I ruined a brass brush on that bore. What came out looked like a lead and powder residue cocktail. But after a while, you could tell the bore was actually in good shape–shiny (well, sort of), not pitted and nice, distinct rifling. OK. Luck is with me.
0000 steel wool and oil got the worst of the rust, but I needed to get the bolt out to really clean the inside. There was a large, threaded plug in the end of the action, and that had to be how this thing comes apart.
Well, not for me–it screwed part way out, then stopped solid. Not wanting to damage the gun, I sought help in a number of online forums. Not one was able to give me the magic incantation to get the plug out.
New Year’s Eve, we had Old Friend, Old Friend’s Older Brother and their respective families over to The Freehold for a cookout and a late exchange of Christmas gifts. OF and OFOB being gun-oriented, we had to adjourn to my shop and look at the latest project. OFOB being a mechanic by trade, his knowledge and intuition led him to wrap the plug in a rag and carefully take a pair of my channel locks to it. Luckily, I’d went inside to fetch food for the grill, and by the time I got back the deed was done and the gun taken apart.
(And yes, he is one of the few people I trust near my vehicles with tools. He has “the touch”.)
Neither one would believe that I had shot two cans of brake cleaner through the action–you could still scrape gunk off the bolt.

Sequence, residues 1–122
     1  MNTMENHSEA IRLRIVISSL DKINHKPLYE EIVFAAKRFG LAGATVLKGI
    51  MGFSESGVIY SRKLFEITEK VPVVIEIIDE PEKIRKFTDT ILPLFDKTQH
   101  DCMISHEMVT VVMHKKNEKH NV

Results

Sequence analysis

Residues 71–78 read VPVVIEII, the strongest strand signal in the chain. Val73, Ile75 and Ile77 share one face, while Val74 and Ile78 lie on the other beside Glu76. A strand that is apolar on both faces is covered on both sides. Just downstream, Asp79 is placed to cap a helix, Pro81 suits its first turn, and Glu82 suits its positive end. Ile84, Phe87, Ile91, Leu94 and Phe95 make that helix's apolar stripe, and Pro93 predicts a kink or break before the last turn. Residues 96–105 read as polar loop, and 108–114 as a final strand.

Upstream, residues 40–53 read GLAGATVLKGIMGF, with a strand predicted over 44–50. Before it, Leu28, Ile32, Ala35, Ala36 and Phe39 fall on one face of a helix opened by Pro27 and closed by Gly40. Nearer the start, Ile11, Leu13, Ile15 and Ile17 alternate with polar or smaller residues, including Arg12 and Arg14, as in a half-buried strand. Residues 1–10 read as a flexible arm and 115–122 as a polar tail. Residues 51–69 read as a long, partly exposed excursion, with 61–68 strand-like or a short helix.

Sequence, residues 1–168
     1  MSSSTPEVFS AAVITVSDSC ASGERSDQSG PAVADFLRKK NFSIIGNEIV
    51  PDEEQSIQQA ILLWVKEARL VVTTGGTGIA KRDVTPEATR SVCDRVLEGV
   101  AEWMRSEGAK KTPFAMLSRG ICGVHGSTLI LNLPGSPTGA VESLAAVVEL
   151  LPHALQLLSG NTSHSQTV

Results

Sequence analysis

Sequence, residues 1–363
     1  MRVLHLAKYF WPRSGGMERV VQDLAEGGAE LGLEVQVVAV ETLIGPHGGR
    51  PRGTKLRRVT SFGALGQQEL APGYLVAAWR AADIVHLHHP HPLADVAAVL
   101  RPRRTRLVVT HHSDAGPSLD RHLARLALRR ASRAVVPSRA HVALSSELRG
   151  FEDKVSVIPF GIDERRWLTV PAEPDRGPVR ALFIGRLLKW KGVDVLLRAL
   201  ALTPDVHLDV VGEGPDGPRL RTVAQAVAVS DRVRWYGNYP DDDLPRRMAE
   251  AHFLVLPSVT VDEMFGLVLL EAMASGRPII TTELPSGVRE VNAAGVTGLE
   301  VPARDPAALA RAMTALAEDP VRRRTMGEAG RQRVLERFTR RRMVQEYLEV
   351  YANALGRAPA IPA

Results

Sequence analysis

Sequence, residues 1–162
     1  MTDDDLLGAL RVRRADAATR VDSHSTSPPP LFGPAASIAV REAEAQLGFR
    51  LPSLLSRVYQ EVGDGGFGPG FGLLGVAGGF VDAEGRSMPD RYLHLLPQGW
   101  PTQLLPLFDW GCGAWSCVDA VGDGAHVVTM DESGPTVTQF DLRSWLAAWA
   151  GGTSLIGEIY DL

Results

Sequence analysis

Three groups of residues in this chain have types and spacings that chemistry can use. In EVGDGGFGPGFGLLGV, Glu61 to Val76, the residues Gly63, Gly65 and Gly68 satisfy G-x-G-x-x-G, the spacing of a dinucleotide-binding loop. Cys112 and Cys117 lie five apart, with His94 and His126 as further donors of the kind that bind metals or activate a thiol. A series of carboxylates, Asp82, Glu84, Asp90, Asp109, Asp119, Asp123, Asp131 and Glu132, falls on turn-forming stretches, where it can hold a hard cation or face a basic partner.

Food being on the grill, we had to end our efforts there. We left the gun on the bench, in pieces.
A few days later, I was able to work on it some more. Two more cans of brake cleaner, a razor blade, another .22 bore brush, 2 oz. of Hoppes #9, a 12 ga. shotgun brush, a brass toothbrush, some Eezox, a lot of rags and some skinned knuckles later, the gun was clean enough I’d consider trying to shoot it.
This weekend, Daughter, Son and I loaded the Savage, along with a couple of other toys and a lot of ammo, and headed to the range.
Loading the Savage with 5 rounds (no sense tempting Fate), I cocked it. I took a supported standing position and aimed at a steel plate 50 yards away. BANG…ping!
OK, it goes bang–this is an encouraging sign. I finished the short magazine at the plate, hitting it each time. I take this as evidence the barrel is in decent shape.
Loading the full 15 rounds, I tried a rested position at an 8″ target at 50 yards. Everything is on the target, but not much of a group. OK, so maybe the barrel isn’t in that good of shape. So I tried 100 yards, and got 3 of 15 on the very bottom of the paper. Further experimentation showed a holdover of a foot for the 100 yard target.
On at 50 yards, a foot off at 100? WTF? Is the barrel that bad?
I kept trying, and found that the sight picture is a bit…odd. The rear sight is actually subtly rounded off, rather than the flat sight I’m used to. Figuring that out helped some.
As it was getting time to go, I decided to run some plated rounds through to help remove any leading. For a hoot, I tried the 100 yard plates again. Ping, ping, ping–13 of 15. The gun is ammo sensitive–the first long .22 I’ve seen with that issue. That’s Good News.
Shooting the old Savage is an experience. The bolt action is delayed. Squeeze the trigger, BANG, then you can feel the bolt go back to battery after a distinct pause. Watching Son shooting, the bolt holds open long enough that you can actually see the next round waiting to be chambered. Very unusual.
The old guy needs more cleaning, and the stock needs refinishing. However, I think it’s found a home–and I won’t take it to a gun show when I can’t shoot it any more. I’ve raised my kids to respect and love guns and shooting. It’ll go to one of them when my time is through.